Nobody who marched over the summer was asking for more patrol officers, or even the same number of them. Shifting resources from investigation to patrol is much more likely to increase the number of Black and Latinx people who are injured or killed by police than reduce it. And reducing that number was, if you remember, the original idea behind this budget reduction.
(None of these cuts will impact the personal finances of existing officers, notably. They’re just letting about 350 officers retire without being replaced, and shuffling personnel around to fill the gaps.)
But the cuts to homicide are a particular red flag for me. You may have heard that murders are up about 15% in LA this year, as they are around the country. There’s some evidence that better homicide investigation can lead to fewer murders overall. (Jill Leovy’s book “Ghettoside” gets into this).
We don’t know if these changes will meaningfully affect murder investigations, or what resources are being taken from homicide. They don’t get into specifics so it might not be a lot. But you can personally bet the entire LAPD budget on this: these cuts will be weaponized against elected officials every time a murder happens in this city for at least a year.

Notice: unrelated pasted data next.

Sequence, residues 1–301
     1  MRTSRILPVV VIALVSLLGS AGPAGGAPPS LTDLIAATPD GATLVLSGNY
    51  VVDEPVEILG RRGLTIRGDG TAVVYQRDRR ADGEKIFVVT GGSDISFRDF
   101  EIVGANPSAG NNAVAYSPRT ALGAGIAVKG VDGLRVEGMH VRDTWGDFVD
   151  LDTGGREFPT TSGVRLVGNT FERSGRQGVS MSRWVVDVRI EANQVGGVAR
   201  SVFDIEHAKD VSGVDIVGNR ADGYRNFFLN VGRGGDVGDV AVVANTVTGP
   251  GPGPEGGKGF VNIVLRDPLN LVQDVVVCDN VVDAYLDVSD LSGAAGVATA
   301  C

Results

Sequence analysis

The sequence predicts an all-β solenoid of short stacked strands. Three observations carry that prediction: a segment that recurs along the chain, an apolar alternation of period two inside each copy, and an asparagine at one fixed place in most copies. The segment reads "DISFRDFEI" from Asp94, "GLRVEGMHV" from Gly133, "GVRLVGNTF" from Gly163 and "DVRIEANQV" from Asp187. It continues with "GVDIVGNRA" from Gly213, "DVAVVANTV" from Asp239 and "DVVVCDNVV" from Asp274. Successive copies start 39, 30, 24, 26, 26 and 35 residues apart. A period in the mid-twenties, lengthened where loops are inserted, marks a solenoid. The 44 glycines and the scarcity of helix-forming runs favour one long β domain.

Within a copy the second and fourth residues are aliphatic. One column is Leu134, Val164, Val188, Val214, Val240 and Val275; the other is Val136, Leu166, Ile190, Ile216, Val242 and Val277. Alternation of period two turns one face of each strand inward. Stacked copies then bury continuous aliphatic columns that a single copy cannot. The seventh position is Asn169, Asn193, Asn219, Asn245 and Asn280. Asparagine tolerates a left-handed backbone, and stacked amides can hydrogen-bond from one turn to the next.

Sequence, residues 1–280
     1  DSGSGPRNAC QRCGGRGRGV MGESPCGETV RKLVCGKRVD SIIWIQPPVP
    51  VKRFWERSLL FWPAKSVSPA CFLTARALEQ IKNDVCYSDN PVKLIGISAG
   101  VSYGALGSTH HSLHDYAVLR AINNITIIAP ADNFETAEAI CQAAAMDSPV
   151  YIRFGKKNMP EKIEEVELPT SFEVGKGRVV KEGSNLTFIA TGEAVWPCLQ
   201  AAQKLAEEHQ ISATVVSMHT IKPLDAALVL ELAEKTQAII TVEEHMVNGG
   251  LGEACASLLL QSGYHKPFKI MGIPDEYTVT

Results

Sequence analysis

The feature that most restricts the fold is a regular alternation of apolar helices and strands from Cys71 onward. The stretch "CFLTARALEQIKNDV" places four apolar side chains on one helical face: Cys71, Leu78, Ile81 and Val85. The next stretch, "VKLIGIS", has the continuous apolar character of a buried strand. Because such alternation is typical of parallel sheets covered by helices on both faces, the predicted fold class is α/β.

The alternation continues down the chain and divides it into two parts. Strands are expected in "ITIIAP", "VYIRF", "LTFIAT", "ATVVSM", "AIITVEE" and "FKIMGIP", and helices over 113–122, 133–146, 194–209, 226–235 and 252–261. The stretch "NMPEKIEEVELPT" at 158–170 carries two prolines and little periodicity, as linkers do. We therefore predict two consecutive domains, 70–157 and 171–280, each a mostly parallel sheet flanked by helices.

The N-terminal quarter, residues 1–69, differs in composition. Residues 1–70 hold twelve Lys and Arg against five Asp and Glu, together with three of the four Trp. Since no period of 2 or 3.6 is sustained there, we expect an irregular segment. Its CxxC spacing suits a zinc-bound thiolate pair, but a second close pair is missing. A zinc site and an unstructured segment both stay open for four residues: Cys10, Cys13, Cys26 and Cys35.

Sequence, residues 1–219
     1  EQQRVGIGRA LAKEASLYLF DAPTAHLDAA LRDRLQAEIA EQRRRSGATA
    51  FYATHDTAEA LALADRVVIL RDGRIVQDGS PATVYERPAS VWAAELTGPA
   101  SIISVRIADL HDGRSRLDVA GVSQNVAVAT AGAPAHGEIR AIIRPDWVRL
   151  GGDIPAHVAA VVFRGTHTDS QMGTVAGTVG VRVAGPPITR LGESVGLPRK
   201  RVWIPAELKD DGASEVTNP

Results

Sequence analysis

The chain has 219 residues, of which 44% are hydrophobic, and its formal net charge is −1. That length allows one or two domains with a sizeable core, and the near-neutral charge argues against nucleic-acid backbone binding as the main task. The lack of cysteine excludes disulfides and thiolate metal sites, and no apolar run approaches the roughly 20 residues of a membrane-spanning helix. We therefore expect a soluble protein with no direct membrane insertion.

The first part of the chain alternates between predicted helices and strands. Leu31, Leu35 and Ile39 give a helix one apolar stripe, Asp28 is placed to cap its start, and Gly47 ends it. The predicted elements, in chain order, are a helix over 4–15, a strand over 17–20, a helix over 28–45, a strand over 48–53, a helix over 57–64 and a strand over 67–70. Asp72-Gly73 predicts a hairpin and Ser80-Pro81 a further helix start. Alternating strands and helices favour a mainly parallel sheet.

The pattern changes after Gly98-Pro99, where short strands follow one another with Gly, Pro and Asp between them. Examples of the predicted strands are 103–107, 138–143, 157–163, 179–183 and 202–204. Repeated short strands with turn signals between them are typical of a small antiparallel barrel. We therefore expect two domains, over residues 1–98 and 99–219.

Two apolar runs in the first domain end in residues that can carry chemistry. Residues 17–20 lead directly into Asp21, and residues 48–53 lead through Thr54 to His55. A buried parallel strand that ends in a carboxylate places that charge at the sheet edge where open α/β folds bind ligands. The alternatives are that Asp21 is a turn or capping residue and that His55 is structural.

The LAPD is an intensely political entity, and almost every large-scale policy decision they make is with some political goal in mind. Whenever crime rates move in any direction, they use the opportunity to justify an increase to their funding. Murders are up? Obviously we need to increase the budget. Murders are down? That’s because we spent our money on new programs, and now we need to increase the budget to keep them down.
There is no correlation whatsoever between LAPD funding and violent crime rates over the last decade. But within the LAPD public relations division, the relationship between money and crime is a guiding principle: if they get enough funding, our city will finally have peace. The messaging is basically the same as a charity infomercial — for just the cost of five million cups of coffee, you can stop one person from being murdered.